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Autism - Zakh, ASAN, and Wrongful Felony Charges

Author: Thomas C. Weiss : Contact: Disabled World

Published: 2010-01-11 : (Rev. 2016-01-04)

Synopsis and Key Points:

Zakh exhibited behaviors that are a manifestation of his Autism disability.

Main Digest

Zakhqurey P. is an eleven year old boy who has autism. When Zakh started the school year, his grandmother requested that an evaluation be performed because he was returning from another district. The district had recommended that Zakh have an aide with him at all times, and his family attempted to get an IEP together prior to the start of the school year. She was refused, and told to wait until the school year had begun.

Zakh's grandmother made requests to receive a copy of his evaluation results before his October fifteenth temporary placement IEP meeting. Again, she was refused - she was told it was not allowed by state law. On October fifteenth, a temporary placement IEP was held to begin services for Zakh. His grandmother feels that the people involved are not considering his prior tests, or the recommendations of Habberton House. Zakh's grandmother has repeatedly asked for a Functional Behavior Assessment, as well as a Positive Behavior Plan with Positive Behavior Strategies and Supports. Zakh's grandmother has asked the school to stop calling the police on her grandson. At the October fifteenth meeting agreements were made in regards to guidelines and suggestions were made, but a formal, positive behavior plan did not emerge. The suggestions were not put in place and Zakh experienced a form of meltdown two weeks later.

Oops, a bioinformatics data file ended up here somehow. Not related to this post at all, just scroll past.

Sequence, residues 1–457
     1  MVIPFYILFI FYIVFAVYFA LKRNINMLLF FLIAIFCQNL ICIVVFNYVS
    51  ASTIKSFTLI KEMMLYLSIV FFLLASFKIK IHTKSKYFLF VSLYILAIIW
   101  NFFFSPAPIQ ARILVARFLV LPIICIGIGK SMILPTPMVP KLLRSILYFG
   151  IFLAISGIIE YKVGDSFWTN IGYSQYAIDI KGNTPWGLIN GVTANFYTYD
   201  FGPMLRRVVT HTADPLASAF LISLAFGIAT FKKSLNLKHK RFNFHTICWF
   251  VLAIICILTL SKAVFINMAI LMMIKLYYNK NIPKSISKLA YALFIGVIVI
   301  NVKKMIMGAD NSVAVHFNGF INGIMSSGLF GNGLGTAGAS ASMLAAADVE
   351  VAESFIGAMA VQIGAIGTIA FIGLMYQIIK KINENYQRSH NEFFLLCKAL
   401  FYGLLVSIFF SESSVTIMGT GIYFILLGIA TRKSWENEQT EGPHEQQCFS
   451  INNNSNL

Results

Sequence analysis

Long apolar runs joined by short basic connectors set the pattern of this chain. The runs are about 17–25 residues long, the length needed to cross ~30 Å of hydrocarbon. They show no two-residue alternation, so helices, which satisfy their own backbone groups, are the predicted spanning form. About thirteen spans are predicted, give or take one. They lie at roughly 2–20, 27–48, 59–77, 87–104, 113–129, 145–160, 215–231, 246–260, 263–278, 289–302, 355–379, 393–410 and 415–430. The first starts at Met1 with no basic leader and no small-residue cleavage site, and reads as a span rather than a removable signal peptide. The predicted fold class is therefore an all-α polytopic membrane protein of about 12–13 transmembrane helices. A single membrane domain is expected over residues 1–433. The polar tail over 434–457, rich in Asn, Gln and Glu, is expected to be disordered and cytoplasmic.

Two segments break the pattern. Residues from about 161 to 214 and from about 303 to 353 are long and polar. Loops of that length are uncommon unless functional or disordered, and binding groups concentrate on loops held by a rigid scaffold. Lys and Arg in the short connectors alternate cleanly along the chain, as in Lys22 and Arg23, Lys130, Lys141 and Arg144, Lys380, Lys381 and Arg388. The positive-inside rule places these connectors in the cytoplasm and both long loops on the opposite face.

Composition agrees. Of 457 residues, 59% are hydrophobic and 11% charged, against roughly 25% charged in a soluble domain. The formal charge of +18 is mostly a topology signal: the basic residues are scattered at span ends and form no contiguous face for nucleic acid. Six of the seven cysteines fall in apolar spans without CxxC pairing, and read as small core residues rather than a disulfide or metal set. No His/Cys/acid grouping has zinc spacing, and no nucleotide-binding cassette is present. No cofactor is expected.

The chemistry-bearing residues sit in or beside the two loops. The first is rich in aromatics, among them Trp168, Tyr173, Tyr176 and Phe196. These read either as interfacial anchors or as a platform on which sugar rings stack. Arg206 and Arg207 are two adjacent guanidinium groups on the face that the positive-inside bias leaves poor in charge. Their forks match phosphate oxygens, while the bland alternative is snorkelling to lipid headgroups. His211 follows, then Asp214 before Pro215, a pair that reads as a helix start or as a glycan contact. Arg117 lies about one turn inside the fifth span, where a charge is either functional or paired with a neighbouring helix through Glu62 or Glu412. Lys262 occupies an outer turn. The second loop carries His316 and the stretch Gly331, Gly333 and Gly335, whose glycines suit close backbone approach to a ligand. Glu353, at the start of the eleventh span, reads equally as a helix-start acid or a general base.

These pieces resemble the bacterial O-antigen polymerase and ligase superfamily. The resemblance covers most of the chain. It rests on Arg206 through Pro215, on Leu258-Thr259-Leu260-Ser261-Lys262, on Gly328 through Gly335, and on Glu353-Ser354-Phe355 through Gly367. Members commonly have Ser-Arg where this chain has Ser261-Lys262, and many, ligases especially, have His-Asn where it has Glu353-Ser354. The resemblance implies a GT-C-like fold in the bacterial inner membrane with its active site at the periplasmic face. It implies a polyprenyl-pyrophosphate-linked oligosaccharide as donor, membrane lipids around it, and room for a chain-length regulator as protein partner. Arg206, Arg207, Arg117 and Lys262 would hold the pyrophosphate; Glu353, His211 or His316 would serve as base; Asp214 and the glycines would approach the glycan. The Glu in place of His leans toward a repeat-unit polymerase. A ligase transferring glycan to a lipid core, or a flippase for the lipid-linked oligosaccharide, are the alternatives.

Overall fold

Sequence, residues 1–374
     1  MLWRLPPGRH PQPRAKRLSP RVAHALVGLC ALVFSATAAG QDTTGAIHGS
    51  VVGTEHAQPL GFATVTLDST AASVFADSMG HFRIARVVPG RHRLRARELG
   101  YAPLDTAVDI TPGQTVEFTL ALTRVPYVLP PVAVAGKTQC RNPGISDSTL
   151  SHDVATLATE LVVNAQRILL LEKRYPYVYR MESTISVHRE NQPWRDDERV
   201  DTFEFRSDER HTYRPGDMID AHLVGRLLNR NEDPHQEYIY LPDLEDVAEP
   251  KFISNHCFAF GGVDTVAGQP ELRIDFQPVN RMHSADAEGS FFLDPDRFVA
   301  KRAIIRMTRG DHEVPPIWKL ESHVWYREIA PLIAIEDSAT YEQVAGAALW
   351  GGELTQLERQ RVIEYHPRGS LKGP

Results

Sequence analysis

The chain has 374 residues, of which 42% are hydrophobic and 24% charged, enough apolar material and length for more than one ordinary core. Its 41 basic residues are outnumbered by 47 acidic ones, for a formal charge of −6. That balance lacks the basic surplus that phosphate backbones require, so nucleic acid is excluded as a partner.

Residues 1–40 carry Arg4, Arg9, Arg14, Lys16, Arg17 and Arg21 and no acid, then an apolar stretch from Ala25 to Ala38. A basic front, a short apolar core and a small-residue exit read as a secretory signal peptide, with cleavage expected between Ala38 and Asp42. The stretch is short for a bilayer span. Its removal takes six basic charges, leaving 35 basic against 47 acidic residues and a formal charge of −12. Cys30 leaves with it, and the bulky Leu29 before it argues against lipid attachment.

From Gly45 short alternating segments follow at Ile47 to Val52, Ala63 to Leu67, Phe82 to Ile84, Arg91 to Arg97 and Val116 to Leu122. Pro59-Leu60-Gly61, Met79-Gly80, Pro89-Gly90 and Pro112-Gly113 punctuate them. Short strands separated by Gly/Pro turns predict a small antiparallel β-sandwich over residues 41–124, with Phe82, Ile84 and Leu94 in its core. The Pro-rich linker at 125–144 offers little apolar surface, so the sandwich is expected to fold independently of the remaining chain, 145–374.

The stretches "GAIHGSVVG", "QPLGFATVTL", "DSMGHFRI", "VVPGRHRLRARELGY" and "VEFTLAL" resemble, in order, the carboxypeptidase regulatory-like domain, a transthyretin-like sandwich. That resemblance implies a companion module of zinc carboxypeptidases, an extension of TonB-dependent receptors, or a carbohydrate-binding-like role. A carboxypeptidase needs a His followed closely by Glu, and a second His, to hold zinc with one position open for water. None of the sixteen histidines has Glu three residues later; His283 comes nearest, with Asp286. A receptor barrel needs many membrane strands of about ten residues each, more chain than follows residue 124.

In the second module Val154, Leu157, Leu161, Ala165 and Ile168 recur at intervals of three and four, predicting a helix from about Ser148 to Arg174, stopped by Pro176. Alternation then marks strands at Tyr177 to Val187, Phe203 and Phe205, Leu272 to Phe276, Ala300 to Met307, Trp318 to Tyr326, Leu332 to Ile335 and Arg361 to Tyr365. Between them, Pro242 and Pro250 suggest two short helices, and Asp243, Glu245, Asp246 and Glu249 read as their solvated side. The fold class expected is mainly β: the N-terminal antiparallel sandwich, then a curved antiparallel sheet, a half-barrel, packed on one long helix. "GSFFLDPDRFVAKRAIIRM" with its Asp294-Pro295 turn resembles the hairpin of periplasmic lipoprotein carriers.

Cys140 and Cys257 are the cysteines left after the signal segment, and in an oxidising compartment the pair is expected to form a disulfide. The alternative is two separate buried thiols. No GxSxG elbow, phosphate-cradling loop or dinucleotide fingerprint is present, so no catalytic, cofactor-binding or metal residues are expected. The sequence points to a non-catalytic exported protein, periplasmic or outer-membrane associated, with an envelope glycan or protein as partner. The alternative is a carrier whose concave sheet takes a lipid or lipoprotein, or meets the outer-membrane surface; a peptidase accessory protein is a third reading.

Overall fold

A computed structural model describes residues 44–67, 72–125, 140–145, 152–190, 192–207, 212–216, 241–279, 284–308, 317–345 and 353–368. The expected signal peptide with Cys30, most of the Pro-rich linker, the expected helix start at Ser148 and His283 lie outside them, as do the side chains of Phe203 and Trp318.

Zakh exhibited behaviors that are a manifestation of his disability; autism, on October thirtieth, leading to his restraint and police involvement. Two staff members were injured in the process of restraining eleven year old Zakh; they filed felony charges against him. Zakh's family and friends do not believe he is being given a full and complete evaluation. The school has denied him Physical Therapy, stating that Zakh could get around their school just fine. The school has also continued to ignore the suggestions made by Habberton House, and has not provided the aide suggested.

The very IEP Zakh has as of October fifteenth states that the school will not call the police. Zakh's felony hearing is schedule for January 12th. His family members and friends are afraid that he might be sent to either an alternative school or a facility. Family members and friends have repeatedly asked for a copy of his discipline file related to the incident, as well as any others the school district may have - they have been denied. Zakh's grandmother has only received records of his suspensions. Zakh has been suspended for a total of one-hundred and twelve days. No manifestation hearing has been conducted, although one has been requested on two occasions.

Zakh's crime? Autism.

Autistic Self-Advocacy Network (ASAN)

The Autistic Self-Advocacy Network, (ASAN) is a non-profit organization that is run both by and for persons with Autism. ASAN supporters include adults and youth with autism, family members, professionals, cross-disability advocates, friends, and educators. ASAN was created in order to provide services and supports to people with autism while working to change the perceptions of the public and combat misinformation by educating communities about people on the autism spectrum. Their activities include community engagement, public policy advocacy, the encouragement of inclusion, quality of life oriented research, respect for neurodiversity, and development of cultural activities and opportunities related to both autism and persons with autism.